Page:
17 minutes ago
In a quest for gold, Spain took a gamble on a man named Christopher Columbus and set on a voyage from Spain to “the indies” (or Southeast Asia and India). He was promised 10% of whatever he brought back, the position of governor of any newly discovered land, title of Admiral of the Ocean Sean & Spain funded Christopher’s voyage. •
There was no sensible way to make this trek by land , at this time, and so Columbus set out west hoping to meet the east because he knew the earth was round. •
30 days after setting sail, Columbus and his crew spotted the the Bahama Island
Well , actually, a sailor named Rodrigo spotted the island first but there was a reward to whom ever spotted land first so Columbus lies and took the glory and the reward. That was just the beginning of Columbus’ web of lies.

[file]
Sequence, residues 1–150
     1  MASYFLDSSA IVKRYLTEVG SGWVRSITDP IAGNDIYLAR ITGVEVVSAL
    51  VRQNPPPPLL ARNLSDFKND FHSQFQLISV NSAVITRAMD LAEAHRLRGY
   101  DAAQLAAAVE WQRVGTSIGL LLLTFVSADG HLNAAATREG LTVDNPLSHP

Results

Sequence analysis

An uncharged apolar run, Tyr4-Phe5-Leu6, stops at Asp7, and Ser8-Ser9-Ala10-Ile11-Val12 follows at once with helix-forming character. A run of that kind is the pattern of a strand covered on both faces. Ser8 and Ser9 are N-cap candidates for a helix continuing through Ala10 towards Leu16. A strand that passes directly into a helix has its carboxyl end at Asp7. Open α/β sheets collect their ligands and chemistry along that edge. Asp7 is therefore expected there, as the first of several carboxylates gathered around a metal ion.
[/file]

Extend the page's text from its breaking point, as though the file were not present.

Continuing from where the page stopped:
They were greeted by the Arawaks, the native people of the Bahamas. Columbus writes in his ship log : “They .... brought us parrots and balls of cotton and spears and many other things, which they exchanged for the glass beads and hawks’ bells. They willingly traded everything they owned .... they were well built , with good bodies and handsome features ... they do not bear arms, and so not know them, for I showed them a sword , they took it by the edge and cut themselves out of ignorance. They had no iron. Their Spears are made of cane ... They would make fine servants ... with fifty men we could subjugate (over power) them and make them do whatever we want. “ •
Columbus captured many Arawak people and demanded they lead him to “the gold”. He sailed between several of the Caribbean islands and set up a fort on Hispaniola (Haiti & Dominican Republic).
Columbus lies yet again when he reported to Spain that he had found Asia and it was full @of riches. He just needed a little more time and resources and he would return with “as much gold as they need ... and as many slaves as they ask.” •
1495 Columbus and his crew went on “a great slave raid” - 500 captives were sent to Spain, 200 died on the trip. By 1550 only 500 Arawaks remained. A century later, there were no Arawaks left on the islands.